One of the things I hear from university computer science faculty on a regular basis is that they have trouble retaining students. What happens is that students sign up to be computer science majors but after a course or two they give up. Computer science isn’t what they expected it to be. Professors hear things like “I didn’t know there would be programming involved.” Seriously! Or it is harder than they expected. Some students expect it to be all fun and games. But basically students didn’t understand what they were signing up for. And why would they if they never had any real computer science in school before university?
This is sad and it is a real waste. It is a waste of time and energy on the professor’s part. It is a real waste of time and energy and money on a student’s part. Students who have had computer science in high school are much more likely to finish a computer science major than students without HS CS in their background. It’s not just that they know more computer science. In fact often students, even AP CS students, aren’t ready to skip courses in college. Oh some may skip a course or two but many find it better to still start with the first course for majors. The big difference is that they know what they are getting into.
This is not universal by any means. Some people do take their first computer course in college and fall in love with the subject. I did. And some who took a CS course in HS find out that the university level is not for them. This happens in all majors from time to time. But the odds are improved the more a student knows what they have gotten themselves into.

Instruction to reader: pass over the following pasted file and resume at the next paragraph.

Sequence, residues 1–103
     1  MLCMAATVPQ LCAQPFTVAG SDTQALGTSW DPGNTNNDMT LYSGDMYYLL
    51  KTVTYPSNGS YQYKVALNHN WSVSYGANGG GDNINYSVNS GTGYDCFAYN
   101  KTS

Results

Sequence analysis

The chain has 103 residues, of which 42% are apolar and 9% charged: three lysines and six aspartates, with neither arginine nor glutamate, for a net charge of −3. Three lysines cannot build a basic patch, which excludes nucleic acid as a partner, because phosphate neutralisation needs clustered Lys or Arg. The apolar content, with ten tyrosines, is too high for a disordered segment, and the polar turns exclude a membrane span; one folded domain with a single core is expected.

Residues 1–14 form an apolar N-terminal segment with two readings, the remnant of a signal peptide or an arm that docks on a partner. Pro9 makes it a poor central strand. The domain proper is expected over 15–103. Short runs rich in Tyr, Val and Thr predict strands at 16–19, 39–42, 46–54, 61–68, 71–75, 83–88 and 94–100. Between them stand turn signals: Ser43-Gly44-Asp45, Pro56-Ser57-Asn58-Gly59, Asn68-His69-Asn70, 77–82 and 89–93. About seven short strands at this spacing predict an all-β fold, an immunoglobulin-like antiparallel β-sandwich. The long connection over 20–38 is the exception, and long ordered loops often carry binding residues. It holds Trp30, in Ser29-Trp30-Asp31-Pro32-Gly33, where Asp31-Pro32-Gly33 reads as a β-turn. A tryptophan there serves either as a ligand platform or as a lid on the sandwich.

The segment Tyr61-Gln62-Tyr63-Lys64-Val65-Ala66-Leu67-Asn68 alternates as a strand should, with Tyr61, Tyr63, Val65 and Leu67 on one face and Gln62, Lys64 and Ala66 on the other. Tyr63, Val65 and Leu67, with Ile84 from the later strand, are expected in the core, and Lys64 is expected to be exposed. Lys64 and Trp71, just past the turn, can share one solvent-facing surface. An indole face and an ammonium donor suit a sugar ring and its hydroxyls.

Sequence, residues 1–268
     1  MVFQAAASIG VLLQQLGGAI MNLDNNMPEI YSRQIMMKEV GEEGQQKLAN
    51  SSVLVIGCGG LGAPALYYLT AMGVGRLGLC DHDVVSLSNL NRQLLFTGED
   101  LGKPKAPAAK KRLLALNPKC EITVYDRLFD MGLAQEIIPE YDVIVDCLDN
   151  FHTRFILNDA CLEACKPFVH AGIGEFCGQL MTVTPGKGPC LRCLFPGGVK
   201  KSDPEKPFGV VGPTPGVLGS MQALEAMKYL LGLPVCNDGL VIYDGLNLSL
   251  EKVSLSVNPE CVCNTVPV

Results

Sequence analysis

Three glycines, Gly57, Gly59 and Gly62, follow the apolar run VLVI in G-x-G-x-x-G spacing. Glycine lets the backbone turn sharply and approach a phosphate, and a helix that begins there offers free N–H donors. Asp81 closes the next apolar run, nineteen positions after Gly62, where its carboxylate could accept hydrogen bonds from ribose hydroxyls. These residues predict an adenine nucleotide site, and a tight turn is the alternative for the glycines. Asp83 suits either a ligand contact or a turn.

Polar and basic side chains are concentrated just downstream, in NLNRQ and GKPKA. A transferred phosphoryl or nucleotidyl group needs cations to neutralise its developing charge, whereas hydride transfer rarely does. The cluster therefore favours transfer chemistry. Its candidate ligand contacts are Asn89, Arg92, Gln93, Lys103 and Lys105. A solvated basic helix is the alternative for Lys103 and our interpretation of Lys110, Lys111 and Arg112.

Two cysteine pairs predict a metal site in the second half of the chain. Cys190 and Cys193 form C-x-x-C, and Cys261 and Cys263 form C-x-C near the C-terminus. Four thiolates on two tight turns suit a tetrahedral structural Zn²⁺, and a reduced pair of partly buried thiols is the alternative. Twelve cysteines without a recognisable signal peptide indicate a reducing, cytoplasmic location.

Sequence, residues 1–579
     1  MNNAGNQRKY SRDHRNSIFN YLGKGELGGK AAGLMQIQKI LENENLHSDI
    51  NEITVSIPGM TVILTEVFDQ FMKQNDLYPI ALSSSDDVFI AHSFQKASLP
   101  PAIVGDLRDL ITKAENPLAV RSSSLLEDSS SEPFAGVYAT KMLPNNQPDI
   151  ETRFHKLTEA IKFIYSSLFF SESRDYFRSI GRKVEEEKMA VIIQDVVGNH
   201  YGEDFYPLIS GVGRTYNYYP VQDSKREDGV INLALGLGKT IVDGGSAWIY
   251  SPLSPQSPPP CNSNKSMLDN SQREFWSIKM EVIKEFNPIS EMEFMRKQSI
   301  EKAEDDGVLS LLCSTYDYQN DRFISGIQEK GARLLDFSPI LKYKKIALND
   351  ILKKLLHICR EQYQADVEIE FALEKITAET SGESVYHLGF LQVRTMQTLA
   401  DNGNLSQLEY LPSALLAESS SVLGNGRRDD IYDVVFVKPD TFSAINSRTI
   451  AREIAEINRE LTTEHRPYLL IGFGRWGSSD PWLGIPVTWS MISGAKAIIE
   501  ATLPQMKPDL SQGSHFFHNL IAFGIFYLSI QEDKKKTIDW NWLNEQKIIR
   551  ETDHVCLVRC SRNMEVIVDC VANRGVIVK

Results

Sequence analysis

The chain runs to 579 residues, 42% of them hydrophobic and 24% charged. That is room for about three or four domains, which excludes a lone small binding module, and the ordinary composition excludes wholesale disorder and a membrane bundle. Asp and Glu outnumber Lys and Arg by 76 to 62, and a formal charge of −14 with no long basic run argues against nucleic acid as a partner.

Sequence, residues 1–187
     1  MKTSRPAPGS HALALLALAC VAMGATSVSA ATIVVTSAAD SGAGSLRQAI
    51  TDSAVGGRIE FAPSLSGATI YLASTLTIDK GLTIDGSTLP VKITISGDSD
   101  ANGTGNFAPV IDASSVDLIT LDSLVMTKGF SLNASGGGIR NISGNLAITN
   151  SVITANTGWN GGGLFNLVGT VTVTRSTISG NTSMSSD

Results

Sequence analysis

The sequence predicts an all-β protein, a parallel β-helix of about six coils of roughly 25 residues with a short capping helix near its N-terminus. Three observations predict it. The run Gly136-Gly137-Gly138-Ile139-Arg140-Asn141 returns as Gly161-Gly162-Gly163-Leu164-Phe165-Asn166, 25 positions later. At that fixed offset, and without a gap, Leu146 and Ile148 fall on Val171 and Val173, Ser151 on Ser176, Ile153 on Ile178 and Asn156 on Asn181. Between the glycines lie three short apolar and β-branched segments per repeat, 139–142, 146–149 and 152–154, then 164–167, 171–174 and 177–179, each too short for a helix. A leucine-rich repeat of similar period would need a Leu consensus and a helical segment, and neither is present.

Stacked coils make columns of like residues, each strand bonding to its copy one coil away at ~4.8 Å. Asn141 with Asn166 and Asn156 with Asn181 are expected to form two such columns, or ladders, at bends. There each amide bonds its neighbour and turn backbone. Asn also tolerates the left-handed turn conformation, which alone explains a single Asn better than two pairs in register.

Now some people say “computer science is hard and that scares some away.” If hard work were enough to scare people away how do we wind up with so many students in pre-med that many American students have to go to medical school outside the US? A motivated student is not afraid of hard work but challenged by it.
If we had more high school CS programs a) more students would get a chance to be exposed to the subject in a somewhat less stressful environment at a lower cost. And b) more students would get to university knowing what they are getting into. We might not have more students going into the major (though we might) but we’d have a lot better chance of retaining those students. Now that would be a good thing.